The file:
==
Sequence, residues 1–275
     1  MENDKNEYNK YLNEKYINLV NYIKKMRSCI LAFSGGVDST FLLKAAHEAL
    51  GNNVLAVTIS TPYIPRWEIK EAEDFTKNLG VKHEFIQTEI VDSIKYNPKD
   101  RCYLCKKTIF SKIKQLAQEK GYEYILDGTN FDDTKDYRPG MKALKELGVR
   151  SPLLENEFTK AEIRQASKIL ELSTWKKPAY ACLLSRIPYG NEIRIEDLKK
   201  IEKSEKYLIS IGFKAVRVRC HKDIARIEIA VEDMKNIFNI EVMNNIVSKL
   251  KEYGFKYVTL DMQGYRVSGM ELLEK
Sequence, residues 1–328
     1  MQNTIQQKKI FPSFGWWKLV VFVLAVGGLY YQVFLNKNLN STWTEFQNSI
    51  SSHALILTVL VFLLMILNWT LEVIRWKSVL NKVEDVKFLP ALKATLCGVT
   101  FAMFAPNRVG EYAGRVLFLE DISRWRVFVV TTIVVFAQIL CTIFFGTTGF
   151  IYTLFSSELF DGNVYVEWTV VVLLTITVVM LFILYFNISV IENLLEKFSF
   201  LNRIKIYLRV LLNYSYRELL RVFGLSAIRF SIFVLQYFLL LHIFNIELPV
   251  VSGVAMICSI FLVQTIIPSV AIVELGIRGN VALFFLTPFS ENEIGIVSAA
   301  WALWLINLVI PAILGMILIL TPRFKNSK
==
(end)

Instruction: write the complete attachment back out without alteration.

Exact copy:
Sequence, residues 1–275
     1  MENDKNEYNK YLNEKYINLV NYIKKMRSCI LAFSGGVDST FLLKAAHEAL
    51  GNNVLAVTIS TPYIPRWEIK EAEDFTKNLG VKHEFIQTEI VDSIKYNPKD
   101  RCYLCKKTIF SKIKQLAQEK GYEYILDGTN FDDTKDYRPG MKALKELGVR
   151  SPLLENEFTK AEIRQASKIL ELSTWKKPAY ACLLSRIPYG NEIRIEDLKK
   201  IEKSEKYLIS IGFKAVRVRC HKDIARIEIA VEDMKNIFNI EVMNNIVSKL
   251  KEYGFKYVTL DMQGYRVSGM ELLEK
Sequence, residues 1–328
     1  MQNTIQQKKI FPSFGWWKLV VFVLAVGGLY YQVFLNKNLN STWTEFQNSI
    51  SSHALILTVL VFLLMILNWT LEVIRWKSVL NKVEDVKFLP ALKATLCGVT
   101  FAMFAPNRVG EYAGRVLFLE DISRWRVFVV TTIVVFAQIL CTIFFGTTGF
   151  IYTLFSSELF DGNVYVEWTV VVLLTITVVM LFILYFNISV IENLLEKFSF
   201  LNRIKIYLRV LLNYSYRELL RVFGLSAIRF SIFVLQYFLL LHIFNIELPV
   251  VSGVAMICSI FLVQTIIPSV AIVELGIRGN VALFFLTPFS ENEIGIVSAA
   301  WALWLINLVI PAILGMILIL TPRFKNSK